Recent indications from major lenders demonstrate a retreat from the buy-to-let loans sector as banks now increase the required deposit to 50%.
Only recently, Barclays became the first bank to change its criteria for mortgage applications for buy-to-let loans. The previous required rental income had to be 125% of the monthly interest, but now has to be 135%.
If other banks follow suit, which many experts believe will be the case, then it could increase the squeeze on existing investors. BM Solutions, of Lloyds Banking, have already tightened criteria for buy-to-let loans with for borrowers with deposits under 35%. With additional costs for landlords in the way of a 3% rise in stamp duty and reduced capital available, then it will increasingly exclude smaller investors from increasing their property portfolio.
All the new changes to the buy-to-let loans system is bound to reduce the growth in the market. The new stamp duty rise will see the tax on a £400,000 property rise from £10,000 to £22,000. Moreover, the tax relief will drop from 45% and 40% to just 20%, so net profits will drop drastically. When letting fees and any additional small costs are included, profits will be minimal compared to previous years.
These changes represent the growing view in the market which evaluates of the current buy-to-let market as a threat to financial stability and the wider economy throughout the UK. The Bank of England only recently published its report which identified a number of threats to the UK economy, which emphasised the excessive growth of the buy-to-let market.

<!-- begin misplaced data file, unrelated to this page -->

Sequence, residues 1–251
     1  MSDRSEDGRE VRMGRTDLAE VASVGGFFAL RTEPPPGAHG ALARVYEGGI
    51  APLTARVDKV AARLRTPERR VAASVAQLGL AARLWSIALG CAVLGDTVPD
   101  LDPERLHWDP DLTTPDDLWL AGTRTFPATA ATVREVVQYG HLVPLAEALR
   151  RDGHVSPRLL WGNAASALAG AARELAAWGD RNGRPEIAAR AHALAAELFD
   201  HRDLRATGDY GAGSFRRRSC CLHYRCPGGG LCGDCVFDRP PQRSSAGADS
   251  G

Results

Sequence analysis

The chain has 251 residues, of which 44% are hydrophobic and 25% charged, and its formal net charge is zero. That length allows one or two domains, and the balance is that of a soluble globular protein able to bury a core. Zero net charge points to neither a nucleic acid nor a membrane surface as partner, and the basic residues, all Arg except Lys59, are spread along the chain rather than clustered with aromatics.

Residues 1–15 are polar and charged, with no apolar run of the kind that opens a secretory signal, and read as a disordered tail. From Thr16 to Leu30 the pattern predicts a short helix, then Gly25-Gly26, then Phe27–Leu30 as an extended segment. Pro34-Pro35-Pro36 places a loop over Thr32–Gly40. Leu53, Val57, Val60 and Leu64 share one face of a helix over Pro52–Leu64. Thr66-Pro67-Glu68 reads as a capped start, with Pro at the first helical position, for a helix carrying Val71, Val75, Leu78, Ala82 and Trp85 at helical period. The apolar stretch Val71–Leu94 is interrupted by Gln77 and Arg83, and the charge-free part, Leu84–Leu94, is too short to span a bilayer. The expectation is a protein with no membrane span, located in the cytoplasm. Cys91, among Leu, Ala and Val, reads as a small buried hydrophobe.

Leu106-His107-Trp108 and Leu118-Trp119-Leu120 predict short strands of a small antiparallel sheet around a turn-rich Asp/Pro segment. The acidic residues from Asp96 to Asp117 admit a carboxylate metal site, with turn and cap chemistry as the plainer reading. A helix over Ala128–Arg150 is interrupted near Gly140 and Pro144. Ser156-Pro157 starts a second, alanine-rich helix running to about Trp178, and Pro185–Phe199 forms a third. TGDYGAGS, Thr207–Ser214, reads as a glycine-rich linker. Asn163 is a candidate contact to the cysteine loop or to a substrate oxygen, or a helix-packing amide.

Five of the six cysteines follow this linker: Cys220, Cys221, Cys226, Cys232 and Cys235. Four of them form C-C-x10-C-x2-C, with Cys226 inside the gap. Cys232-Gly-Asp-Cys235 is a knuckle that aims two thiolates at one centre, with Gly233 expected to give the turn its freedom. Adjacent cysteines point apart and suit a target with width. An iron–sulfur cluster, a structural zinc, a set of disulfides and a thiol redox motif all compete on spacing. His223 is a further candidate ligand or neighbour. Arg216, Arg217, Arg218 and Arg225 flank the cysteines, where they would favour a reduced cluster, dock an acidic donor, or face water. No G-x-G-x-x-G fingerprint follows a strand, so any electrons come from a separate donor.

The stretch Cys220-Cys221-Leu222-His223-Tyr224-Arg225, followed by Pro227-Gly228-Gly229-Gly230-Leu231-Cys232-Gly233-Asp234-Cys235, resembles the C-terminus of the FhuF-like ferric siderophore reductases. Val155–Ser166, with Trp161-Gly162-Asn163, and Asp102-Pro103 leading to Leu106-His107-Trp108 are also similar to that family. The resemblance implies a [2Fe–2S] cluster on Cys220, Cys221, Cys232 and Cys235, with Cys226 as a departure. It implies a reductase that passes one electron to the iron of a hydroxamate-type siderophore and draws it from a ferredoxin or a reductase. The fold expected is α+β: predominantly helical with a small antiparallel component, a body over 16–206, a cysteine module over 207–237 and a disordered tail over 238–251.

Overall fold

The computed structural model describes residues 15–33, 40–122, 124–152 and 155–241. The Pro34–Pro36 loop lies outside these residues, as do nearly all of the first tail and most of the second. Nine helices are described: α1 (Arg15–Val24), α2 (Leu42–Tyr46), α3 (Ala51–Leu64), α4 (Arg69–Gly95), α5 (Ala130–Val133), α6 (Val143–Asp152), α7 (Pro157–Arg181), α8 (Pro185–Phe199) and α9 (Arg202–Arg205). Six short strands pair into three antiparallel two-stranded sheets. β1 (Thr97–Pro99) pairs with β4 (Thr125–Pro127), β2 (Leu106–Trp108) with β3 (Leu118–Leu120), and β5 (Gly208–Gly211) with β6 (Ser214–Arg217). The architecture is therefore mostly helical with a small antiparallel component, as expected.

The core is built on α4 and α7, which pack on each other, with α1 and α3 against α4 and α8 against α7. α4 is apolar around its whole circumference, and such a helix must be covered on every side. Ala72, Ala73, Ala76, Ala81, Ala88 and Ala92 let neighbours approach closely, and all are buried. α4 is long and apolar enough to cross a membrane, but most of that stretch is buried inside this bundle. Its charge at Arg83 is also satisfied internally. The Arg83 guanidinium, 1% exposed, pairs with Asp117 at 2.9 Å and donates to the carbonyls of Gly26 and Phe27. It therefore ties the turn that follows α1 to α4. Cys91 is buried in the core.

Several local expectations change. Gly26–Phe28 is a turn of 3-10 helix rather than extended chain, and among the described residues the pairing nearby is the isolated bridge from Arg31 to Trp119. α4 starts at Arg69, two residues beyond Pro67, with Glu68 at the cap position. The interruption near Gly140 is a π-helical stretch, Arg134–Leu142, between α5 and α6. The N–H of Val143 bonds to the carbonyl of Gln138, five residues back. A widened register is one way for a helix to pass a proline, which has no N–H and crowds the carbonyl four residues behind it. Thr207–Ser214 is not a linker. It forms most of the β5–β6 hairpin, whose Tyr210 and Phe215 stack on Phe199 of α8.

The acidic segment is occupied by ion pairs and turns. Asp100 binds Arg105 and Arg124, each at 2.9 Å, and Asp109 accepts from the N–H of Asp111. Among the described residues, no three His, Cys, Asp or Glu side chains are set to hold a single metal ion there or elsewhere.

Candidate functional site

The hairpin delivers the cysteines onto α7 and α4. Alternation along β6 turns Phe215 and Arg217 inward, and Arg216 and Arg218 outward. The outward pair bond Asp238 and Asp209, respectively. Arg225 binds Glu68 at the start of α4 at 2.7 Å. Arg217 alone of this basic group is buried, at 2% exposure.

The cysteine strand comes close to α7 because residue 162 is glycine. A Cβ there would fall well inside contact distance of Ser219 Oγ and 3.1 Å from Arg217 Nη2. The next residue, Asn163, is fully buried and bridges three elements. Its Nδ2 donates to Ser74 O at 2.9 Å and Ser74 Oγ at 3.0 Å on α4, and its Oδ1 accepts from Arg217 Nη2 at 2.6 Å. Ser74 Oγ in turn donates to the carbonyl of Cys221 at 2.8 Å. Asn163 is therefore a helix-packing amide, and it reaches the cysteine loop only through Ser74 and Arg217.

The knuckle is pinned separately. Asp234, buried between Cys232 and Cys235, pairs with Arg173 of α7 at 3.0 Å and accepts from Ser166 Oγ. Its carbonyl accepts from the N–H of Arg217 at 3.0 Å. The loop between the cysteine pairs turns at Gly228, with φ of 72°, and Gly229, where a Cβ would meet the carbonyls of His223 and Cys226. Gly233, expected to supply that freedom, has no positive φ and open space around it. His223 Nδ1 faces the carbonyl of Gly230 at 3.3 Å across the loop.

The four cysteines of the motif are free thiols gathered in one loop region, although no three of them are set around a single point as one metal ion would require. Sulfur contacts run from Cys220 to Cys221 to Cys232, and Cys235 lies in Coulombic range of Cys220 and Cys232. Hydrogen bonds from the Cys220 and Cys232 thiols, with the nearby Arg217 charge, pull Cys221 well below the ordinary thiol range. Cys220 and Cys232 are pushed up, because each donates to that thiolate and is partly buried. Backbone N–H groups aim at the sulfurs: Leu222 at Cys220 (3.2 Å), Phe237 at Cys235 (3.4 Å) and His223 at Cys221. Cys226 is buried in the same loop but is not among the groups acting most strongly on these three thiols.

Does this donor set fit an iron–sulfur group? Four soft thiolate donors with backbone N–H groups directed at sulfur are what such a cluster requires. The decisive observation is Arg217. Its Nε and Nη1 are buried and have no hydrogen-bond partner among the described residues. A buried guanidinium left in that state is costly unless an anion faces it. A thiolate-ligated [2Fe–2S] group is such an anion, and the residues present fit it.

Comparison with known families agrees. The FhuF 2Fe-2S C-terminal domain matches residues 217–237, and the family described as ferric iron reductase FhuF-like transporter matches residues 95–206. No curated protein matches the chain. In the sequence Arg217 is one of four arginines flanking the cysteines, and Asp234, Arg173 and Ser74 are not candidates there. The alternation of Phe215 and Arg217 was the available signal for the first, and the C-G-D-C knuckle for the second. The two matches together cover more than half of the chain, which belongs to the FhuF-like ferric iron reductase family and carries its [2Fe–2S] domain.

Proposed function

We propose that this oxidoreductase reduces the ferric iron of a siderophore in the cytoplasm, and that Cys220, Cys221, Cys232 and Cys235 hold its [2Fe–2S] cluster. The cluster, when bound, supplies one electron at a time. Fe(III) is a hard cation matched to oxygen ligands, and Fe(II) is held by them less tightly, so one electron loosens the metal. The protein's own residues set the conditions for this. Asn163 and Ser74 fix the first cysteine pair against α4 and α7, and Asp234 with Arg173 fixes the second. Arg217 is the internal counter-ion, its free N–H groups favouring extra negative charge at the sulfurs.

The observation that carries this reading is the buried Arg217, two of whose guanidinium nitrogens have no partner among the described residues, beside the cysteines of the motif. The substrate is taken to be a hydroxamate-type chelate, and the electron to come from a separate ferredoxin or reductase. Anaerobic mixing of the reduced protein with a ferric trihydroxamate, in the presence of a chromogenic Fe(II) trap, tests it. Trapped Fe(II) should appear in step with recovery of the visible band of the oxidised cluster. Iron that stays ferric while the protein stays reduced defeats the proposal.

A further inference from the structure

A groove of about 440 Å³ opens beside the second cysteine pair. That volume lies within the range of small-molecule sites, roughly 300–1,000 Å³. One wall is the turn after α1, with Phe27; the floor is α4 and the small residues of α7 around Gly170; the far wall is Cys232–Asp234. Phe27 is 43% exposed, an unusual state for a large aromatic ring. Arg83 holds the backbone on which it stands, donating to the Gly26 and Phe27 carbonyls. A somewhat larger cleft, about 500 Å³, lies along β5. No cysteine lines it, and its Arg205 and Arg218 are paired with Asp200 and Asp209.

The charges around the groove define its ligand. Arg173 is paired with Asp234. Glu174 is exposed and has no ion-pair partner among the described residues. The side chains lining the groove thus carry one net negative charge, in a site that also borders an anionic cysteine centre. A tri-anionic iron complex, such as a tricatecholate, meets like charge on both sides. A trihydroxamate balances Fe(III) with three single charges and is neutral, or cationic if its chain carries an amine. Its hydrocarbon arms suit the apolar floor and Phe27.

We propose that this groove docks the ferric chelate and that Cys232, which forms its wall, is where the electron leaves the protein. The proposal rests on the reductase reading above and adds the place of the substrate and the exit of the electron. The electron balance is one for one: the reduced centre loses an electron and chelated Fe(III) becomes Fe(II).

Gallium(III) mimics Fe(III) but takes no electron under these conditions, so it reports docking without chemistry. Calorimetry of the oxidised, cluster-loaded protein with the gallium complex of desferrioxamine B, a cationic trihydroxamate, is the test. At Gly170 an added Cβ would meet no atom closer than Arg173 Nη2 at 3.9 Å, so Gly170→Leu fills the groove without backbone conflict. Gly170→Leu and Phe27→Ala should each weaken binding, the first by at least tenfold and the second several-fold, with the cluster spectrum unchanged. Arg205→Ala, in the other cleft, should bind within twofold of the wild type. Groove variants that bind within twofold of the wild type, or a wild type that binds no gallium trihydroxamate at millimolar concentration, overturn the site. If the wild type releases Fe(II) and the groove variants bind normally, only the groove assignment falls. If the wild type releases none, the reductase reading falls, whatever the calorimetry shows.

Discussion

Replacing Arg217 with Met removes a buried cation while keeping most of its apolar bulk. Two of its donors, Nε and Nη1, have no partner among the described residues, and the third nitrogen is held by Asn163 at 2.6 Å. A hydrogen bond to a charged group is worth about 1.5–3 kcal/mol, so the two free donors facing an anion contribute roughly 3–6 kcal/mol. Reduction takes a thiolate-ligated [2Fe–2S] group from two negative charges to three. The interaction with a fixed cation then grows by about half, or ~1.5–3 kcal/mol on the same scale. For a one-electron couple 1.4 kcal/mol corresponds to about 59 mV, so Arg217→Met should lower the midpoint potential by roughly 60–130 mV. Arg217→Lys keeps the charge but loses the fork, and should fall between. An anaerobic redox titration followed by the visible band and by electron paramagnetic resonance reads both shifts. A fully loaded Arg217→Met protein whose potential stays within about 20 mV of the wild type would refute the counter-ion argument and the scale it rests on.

Evidently, banks want to make sure that any landlords receiving buy-to-let loans will be able to continue paying interest to banks even if there are changes to their income, especially regarding potential interest rate hikes. According to the FPC, “buy-to-let borrowers may be more vulnerable to an unexpected rise in interest rates or a fall in income, which could exacerbate the scale of a fall in house prices.”
First-time buyers will be one group that are glad that buy-to-let investors will be less competitive
One group who will be glad these changes have occurred will be first-time buyers. Buy-to-let landlords have typically nudged them aside in the market by out-pricing them. Now they will be able to compete for properties, as the government launches new policies to help them, such as the recent Help-to-buy ISAs. These are set up as tax-free savings vehicles, which also receive government bonus contributions of 25%, up to a maximum of £3,000.
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